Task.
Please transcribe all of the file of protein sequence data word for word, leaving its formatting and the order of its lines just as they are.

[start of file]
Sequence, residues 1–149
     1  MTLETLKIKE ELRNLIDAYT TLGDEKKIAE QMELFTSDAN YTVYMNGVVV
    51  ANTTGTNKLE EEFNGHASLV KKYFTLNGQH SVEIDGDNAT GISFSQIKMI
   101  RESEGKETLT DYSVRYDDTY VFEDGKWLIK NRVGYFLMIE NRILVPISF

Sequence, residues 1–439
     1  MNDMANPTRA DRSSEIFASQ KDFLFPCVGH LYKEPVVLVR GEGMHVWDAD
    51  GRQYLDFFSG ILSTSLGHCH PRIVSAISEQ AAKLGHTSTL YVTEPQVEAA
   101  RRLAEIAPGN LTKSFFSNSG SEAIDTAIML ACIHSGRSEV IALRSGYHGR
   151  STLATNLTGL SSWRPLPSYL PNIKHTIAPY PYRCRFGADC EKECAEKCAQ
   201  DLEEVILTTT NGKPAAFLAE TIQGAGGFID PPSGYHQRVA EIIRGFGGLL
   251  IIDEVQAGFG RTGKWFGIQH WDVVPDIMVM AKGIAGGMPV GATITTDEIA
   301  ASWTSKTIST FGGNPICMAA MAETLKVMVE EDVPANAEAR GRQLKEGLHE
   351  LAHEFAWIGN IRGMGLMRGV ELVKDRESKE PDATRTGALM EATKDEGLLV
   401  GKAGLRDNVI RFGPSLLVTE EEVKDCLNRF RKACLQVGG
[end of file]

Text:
Sequence, residues 1–149
     1  MTLETLKIKE ELRNLIDAYT TLGDEKKIAE QMELFTSDAN YTVYMNGVVV
    51  ANTTGTNKLE EEFNGHASLV KKYFTLNGQH SVEIDGDNAT GISFSQIKMI
   101  RESEGKETLT DYSVRYDDTY VFEDGKWLIK NRVGYFLMIE NRILVPISF

Sequence, residues 1–439
     1  MNDMANPTRA DRSSEIFASQ KDFLFPCVGH LYKEPVVLVR GEGMHVWDAD
    51  GRQYLDFFSG ILSTSLGHCH PRIVSAISEQ AAKLGHTSTL YVTEPQVEAA
   101  RRLAEIAPGN LTKSFFSNSG SEAIDTAIML ACIHSGRSEV IALRSGYHGR
   151  STLATNLTGL SSWRPLPSYL PNIKHTIAPY PYRCRFGADC EKECAEKCAQ
   201  DLEEVILTTT NGKPAAFLAE TIQGAGGFID PPSGYHQRVA EIIRGFGGLL
   251  IIDEVQAGFG RTGKWFGIQH WDVVPDIMVM AKGIAGGMPV GATITTDEIA
   301  ASWTSKTIST FGGNPICMAA MAETLKVMVE EDVPANAEAR GRQLKEGLHE
   351  LAHEFAWIGN IRGMGLMRGV ELVKDRESKE PDATRTGALM EATKDEGLLV
   401  GKAGLRDNVI RFGPSLLVTE EEVKDCLNRF RKACLQVGG